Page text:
As some of my fellow Early Stage Researchers have pointed out in previous blog posts, stem cells are special cells, which are able to self-renew (meaning they can continuously make new copies of themselves) and differentiate (meaning they can transform into other types of cells). We can harness the potential of stem cells by constraining their differentiation in vitro towards a specific cell type of interest (neurons, in our case). Directed stem cell differentiation was not an easy milestone to achieve, since it requires accurately mimicking what happens during embryonic development. This means that, in order to generate neurons, a detailed and deep understanding of developmental biology and the factors that make a stem cell “decide” to become a neuron is essential.
Pluripotent stem cells such as embryonic stem cells (ESCs) and induced pluripotent stem cells (iPSCs) can generate any cell type in the body, but they have their limitations. For instance, they cannot become Optimus Prime.
As of today, two main cell sources with the potential to address Cajal's regenerative vision are being used to produce billions of stem cells which are, in turn, capable of producing every cell type in the body. The first source to be considered was embryonic stem cells (ESC), which are pluripotent; in other words, they can become whatever they want, by differentiating into any type of cell in the body, from heart cells to brain cells. However, ESCs cannot be produced from your own cells, since they must come from embryos. Thus, the source of cells is limited, and ethical questions are raised. More recently, however, another Nobel Prize-awardee (Shinya Yamanaka) offered an alternative by discovering that stem cells with properties similar to ESCs could be made from any cell in the body, by adding specific molecules that send a “cocktail” of signals into the cells. These cells were named induced pluripotent stem cells (iPSCs), which constitute a powerful tool since they possess all the functions of ESCs and can be made from a person´s own cells (including cells such as skin cells, which are abundant and easily accessible). ESCs and iPSCs have the potential to transform the science of brain repair and regenerative medicine by enabling the generation and therapeutic deployment of neurons in a scalable and low-cost manner.
iPSCs made from skin cells of people suffering brain disorders can be used to produce neurons that are transplanted to the damaged area of the brain, in an attempt to replace lost or damaged neurons.
To wrap things up, it is time to address the initial question that I raised in the title of this blog post. Since the discovery of how neurons can be generated from stem cells, there has been a lot of excitement about how this can be used to treat brain diseases. Over the next two decades, we expect that scientists will figure out how to allow the use of stem cells to successfully treat the long list of currently incurable neurodegenerative diseases. However, this goal will not be achieved by a single person. Finding stem cell-based treatments for all of these different problems will require teamwork from people around the world, including scientists, doctors, governments that fund research, patients that are willing to participate in clinical trials, and companies that will help grow large numbers of stem cells. This effort could also use the help of the next generation of young scientists, who can bring new ideas to the field and help push this research forward. Moreover, it is precisely in that context where we, as part of the ASCTN-Training consortium, are working hard to make our contribution to make brain repair a reality.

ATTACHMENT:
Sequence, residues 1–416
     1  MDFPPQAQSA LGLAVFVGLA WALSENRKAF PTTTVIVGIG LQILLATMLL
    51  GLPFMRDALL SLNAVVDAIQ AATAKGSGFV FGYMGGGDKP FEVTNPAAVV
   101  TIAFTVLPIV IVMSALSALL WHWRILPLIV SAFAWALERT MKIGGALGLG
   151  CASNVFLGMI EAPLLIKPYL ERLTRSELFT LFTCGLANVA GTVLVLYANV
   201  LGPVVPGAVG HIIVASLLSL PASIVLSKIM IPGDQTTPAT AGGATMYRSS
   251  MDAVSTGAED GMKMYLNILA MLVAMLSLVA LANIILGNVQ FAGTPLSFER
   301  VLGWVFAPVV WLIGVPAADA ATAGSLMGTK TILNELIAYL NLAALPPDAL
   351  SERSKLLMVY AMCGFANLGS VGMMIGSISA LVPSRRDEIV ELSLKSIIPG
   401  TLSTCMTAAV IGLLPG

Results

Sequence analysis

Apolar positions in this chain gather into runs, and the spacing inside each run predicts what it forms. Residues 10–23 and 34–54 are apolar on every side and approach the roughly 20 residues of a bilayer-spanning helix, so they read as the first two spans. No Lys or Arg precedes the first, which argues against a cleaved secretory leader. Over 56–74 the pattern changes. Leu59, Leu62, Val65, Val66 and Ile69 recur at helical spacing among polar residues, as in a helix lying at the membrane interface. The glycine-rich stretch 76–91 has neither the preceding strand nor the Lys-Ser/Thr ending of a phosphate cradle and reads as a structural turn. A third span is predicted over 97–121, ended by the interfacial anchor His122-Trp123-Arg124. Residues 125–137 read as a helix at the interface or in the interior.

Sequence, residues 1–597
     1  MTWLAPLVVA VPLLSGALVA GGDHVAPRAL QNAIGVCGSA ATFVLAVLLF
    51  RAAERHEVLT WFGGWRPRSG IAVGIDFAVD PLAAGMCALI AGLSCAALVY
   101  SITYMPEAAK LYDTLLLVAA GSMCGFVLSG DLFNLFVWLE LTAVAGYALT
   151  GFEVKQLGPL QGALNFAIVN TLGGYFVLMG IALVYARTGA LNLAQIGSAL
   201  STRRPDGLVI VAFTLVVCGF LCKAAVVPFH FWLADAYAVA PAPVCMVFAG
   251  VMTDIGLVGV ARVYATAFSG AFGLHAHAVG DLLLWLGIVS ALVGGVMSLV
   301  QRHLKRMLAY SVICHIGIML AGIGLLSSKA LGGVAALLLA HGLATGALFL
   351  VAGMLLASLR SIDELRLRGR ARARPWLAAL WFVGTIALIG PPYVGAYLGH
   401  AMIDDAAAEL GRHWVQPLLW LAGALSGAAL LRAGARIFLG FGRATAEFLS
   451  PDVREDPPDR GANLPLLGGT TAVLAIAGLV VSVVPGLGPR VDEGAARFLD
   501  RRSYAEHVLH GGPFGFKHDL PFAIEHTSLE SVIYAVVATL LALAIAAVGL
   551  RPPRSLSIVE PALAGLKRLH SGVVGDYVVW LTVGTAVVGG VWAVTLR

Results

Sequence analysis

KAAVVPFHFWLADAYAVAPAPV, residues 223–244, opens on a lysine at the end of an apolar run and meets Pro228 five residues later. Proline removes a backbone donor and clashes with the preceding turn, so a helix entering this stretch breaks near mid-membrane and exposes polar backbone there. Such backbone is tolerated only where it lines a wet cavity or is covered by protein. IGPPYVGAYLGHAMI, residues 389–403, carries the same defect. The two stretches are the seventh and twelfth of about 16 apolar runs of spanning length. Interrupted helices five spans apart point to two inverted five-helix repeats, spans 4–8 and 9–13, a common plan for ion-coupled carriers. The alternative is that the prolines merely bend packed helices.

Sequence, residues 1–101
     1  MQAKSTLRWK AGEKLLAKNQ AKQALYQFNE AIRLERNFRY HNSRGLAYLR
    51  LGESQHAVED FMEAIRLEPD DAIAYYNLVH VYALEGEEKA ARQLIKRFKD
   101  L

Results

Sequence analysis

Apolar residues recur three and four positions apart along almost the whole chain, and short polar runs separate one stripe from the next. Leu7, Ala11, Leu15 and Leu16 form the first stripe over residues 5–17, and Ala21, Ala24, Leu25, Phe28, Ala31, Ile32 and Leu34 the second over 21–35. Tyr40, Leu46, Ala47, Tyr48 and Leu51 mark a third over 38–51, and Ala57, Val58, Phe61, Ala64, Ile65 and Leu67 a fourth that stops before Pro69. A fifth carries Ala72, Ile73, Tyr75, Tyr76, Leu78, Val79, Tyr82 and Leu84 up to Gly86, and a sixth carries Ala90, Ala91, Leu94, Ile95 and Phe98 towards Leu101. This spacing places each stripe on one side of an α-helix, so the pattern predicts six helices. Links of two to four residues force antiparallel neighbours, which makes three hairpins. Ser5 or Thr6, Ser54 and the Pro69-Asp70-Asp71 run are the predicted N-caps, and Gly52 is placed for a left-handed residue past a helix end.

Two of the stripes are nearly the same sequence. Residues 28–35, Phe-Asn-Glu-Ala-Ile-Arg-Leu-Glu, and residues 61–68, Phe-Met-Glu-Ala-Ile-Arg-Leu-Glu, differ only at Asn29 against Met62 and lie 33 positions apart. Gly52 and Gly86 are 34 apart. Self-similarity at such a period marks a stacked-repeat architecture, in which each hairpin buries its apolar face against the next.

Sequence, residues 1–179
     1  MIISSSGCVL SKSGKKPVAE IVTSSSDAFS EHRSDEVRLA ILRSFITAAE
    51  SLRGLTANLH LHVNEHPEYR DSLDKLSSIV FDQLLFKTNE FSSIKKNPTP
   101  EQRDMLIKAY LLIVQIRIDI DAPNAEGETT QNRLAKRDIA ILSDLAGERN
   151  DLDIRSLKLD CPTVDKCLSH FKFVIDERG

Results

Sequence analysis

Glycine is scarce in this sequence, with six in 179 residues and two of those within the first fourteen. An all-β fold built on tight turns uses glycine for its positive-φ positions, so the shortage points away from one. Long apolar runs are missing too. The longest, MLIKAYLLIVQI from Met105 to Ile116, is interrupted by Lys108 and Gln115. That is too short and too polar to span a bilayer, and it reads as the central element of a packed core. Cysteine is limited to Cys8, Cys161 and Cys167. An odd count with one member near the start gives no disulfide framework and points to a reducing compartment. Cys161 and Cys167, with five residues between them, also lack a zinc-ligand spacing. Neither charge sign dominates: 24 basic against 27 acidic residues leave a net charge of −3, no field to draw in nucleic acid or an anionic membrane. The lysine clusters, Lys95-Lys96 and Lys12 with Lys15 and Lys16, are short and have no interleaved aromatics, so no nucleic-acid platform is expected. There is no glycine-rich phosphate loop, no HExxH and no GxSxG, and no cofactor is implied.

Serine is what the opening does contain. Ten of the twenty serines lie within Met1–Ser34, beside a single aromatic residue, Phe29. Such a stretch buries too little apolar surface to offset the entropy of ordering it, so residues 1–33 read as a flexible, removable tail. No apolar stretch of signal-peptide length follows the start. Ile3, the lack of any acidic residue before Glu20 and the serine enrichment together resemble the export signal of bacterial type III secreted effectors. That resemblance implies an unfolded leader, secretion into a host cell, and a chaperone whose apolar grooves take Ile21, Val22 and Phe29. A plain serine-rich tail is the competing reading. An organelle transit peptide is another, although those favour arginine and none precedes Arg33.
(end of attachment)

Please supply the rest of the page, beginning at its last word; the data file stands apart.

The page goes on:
References and further reading:
Azevedo FA, Carvalho LR, Grinberg LT, Farfel JM, Ferretti RE, Leite RE, Jacob Filho W, Lent R, Herculano-Houzel S. Equal numbers of neuronal and nonneuronal cells make the human brain an isometrically scaled-up primate brain. J Comp Neurol. 2009 Apr 10;513(5):532-41 (doi:10.1002/cne.21974 .
De Gioia R, Biella F, Citterio G, et al. Neural Stem Cell Transplantation for Neurodegenerative Diseases. Int J Mol Sci. 2020;21(9):3103. Published 2020 Apr 28. (doi:10.3390/ijms21093103).
Eriksson, P., Perfilieva, E., Björk-Eriksson, T. et al. Neurogenesis in the adult human hippocampus. Nat Med 4, 1313–1317 (1998) (https://doi.org/10.1038/3305).
Gitler AD, Dhillon P, Shorter J. Neurodegenerative disease: models, mechanisms, and a new hope. Dis Model Mech. 2017;10(5):499-502. (doi:10.1242/dmm.030205).
Henriques D, Moreira R, Schwamborn J, Pereira de Almeida L, Mendonça LS. Successes and Hurdles in Stem Cells Application and Production for Brain Transplantation. Front Neurosci. 2019;13:1194. Published 2019 Nov 19. (doi:10.3389/fnins.2019.01194).
Lindvall O, Björklund A. Cell replacement therapy: helping the brain to repair itself. NeuroRx. 2004;1(4):379-381. (doi:10.1602/neurorx.1.4.379)
Oh Y, Jang J. Directed Differentiation of Pluripotent Stem Cells by Transcription Factors. Mol Cells. 2019;42(3):200-209. (doi:10.14348/molcells.2019.2439).
Quadrato G, Elnaggar MY, Di Giovanni S. Adult neurogenesis in brain repair: cellular plasticity vs. cellular replacement. Front Neurosci. 2014;8:17. Published 2014 Feb 12. (doi:10.3389/fnins.2014.00017).
Ramon y Cajal, S. Degeneration & Regeneration of the Nervous System. Translated by Raoul May (Hafner Publishing, New York, NY, USA, 1959).
Takahashi K, Yamanaka S. Induction of pluripotent stem cells from mouse embryonic and adult fibroblast cultures by defined factors. Cell. 2006 Aug 25;126(4):663-76 (doi: 10.1016/j.cell.2006.07.024).